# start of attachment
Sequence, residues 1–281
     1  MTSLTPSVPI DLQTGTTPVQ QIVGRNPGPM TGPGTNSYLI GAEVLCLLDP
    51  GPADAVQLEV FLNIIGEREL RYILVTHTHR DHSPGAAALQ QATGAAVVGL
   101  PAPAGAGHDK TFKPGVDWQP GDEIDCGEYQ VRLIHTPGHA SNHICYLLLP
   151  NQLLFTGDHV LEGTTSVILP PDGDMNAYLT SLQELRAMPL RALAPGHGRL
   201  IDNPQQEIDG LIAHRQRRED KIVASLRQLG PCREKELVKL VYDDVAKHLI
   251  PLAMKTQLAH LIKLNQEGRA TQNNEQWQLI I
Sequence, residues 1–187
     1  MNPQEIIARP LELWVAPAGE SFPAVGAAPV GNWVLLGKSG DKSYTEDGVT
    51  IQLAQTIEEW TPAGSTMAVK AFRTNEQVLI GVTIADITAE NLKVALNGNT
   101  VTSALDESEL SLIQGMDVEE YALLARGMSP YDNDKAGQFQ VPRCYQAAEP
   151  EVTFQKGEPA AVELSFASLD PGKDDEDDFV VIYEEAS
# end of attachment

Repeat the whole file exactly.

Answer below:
Sequence, residues 1–281
     1  MTSLTPSVPI DLQTGTTPVQ QIVGRNPGPM TGPGTNSYLI GAEVLCLLDP
    51  GPADAVQLEV FLNIIGEREL RYILVTHTHR DHSPGAAALQ QATGAAVVGL
   101  PAPAGAGHDK TFKPGVDWQP GDEIDCGEYQ VRLIHTPGHA SNHICYLLLP
   151  NQLLFTGDHV LEGTTSVILP PDGDMNAYLT SLQELRAMPL RALAPGHGRL
   201  IDNPQQEIDG LIAHRQRRED KIVASLRQLG PCREKELVKL VYDDVAKHLI
   251  PLAMKTQLAH LIKLNQEGRA TQNNEQWQLI I
Sequence, residues 1–187
     1  MNPQEIIARP LELWVAPAGE SFPAVGAAPV GNWVLLGKSG DKSYTEDGVT
    51  IQLAQTIEEW TPAGSTMAVK AFRTNEQVLI GVTIADITAE NLKVALNGNT
   101  VTSALDESEL SLIQGMDVEE YALLARGMSP YDNDKAGQFQ VPRCYQAAEP
   151  EVTFQKGEPA AVELSFASLD PGKDDEDDFV VIYEEAS